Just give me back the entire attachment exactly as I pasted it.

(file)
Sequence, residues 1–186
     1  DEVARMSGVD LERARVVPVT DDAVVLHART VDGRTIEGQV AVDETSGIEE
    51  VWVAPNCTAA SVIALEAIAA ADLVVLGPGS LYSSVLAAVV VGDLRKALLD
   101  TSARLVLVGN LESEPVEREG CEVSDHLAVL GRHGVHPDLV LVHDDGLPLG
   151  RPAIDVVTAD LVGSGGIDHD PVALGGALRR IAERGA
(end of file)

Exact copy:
Sequence, residues 1–186
     1  DEVARMSGVD LERARVVPVT DDAVVLHART VDGRTIEGQV AVDETSGIEE
    51  VWVAPNCTAA SVIALEAIAA ADLVVLGPGS LYSSVLAAVV VGDLRKALLD
   101  TSARLVLVGN LESEPVEREG CEVSDHLAVL GRHGVHPDLV LVHDDGLPLG
   151  RPAIDVVTAD LVGSGGIDHD PVALGGALRR IAERGA